Chris Killip was everything I could have wanted in a photography instructor. More than just a teacher, he was a mentor. He had that ability to be both contagiously passionate about his subject and also truly invested in my success.
Before taking his class, I honestly knew nothing about him. This was in the analog age before you could Google someone or look them up on Wikipedia. What I did know was that he was not a typical PhD, but rather an artist in residence. He had tightly cropped white hair and spike with an English accent. He wore distinctively framed round glasses and tweed jackets. He rolled his own cigarettes and smoked them while introducing us to the greats of documentary photography. Each week we would bring in our work for his critique. He was brutally honest. This style of teaching was not for everyone but it was just what I needed to push me to a level I didn’t even know was possible.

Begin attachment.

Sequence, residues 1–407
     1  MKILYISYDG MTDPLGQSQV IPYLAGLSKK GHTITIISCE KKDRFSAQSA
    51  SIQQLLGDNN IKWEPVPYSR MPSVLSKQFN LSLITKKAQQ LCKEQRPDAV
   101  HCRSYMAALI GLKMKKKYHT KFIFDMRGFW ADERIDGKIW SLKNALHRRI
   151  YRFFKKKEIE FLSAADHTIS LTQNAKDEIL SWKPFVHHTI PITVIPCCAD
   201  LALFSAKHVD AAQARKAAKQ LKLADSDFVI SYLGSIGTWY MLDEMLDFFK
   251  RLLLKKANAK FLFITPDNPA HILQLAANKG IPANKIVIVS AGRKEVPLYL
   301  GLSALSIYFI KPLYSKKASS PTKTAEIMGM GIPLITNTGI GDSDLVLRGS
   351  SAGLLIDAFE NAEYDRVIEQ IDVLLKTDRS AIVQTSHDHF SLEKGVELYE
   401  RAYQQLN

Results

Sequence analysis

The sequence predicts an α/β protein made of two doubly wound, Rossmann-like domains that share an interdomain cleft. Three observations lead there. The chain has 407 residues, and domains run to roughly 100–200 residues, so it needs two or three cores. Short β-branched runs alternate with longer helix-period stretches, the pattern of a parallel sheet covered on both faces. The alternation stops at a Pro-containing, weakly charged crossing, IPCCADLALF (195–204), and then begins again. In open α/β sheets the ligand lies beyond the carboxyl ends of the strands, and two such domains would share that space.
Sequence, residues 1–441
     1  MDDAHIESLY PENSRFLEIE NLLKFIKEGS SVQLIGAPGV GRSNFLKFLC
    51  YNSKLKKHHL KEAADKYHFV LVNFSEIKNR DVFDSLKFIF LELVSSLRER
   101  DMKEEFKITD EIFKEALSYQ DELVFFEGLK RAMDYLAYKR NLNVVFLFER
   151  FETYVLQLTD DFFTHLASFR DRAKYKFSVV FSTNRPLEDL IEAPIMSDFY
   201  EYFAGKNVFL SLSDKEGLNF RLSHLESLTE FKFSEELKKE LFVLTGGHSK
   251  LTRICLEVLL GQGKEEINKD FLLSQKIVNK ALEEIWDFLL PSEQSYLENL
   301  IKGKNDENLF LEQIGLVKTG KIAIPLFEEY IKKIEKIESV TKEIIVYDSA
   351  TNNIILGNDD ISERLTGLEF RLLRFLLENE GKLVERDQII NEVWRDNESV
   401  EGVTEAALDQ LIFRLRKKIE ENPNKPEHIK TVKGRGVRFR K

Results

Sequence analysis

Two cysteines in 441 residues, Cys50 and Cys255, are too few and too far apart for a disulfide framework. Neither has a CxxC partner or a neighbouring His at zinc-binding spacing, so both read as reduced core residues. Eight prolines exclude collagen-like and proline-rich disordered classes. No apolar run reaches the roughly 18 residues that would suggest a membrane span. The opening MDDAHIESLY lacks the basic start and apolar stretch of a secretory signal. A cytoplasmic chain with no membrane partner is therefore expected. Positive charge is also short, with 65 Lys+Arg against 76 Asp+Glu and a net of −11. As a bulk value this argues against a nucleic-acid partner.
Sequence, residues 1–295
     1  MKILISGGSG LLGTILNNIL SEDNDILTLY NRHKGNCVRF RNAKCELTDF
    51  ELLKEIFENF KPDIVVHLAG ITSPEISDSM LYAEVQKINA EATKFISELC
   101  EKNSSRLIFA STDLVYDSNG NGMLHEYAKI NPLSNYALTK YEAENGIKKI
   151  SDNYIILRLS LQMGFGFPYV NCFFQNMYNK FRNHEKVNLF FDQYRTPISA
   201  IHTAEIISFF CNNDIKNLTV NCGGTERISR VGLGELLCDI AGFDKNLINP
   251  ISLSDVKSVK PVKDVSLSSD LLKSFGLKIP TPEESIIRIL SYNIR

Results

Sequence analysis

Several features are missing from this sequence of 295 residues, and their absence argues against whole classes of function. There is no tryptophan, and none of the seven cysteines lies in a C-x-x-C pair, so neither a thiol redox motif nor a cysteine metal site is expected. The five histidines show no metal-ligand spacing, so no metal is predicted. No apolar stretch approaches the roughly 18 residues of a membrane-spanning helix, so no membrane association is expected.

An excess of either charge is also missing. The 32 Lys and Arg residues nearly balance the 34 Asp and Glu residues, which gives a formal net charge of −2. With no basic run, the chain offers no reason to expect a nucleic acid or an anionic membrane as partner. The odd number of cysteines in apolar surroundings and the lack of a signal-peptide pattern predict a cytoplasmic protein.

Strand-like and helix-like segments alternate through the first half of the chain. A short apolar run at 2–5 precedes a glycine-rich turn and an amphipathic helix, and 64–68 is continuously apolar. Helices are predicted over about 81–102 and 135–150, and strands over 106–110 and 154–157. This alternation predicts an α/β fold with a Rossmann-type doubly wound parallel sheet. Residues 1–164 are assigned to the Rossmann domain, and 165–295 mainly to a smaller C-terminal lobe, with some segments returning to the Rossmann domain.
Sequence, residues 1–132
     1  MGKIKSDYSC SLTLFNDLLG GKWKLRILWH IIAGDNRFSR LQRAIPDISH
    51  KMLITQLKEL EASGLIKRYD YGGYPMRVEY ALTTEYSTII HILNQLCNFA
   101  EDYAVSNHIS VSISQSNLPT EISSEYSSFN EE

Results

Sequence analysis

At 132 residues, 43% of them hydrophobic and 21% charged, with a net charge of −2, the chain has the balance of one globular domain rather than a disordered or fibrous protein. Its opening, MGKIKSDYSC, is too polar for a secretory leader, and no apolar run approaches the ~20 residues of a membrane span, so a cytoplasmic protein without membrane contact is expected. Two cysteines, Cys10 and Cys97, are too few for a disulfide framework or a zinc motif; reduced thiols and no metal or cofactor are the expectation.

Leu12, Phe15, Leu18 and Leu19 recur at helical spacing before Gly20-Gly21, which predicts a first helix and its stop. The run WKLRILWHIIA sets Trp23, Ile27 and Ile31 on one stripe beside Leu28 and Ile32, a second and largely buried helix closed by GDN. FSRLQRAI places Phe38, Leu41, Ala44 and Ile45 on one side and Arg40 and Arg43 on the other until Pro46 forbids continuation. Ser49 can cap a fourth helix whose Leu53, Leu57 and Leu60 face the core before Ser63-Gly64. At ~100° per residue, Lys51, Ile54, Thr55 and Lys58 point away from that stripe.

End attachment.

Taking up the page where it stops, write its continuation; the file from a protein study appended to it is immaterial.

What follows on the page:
In 2015, I was excited when Steidl reprinted In Flagrante which allowed me to get my hands on Killip’s most famous work just as I was starting to think of putting together my own photobook. Twenty years later, it was just as good if not better than I remembered it.
When I completed my book dummy, I sent a copy to Killip, still living in Cambridge and working on another book with Steidl. I was thrilled to be able to share it with him and he immediately emailed me words of kindness and encouragement. Thank you, Chris Killip, for everything.
Mark F. Erickson is the author of the photobook Other Streets: Scenes from a Life in Vietnam not Lived.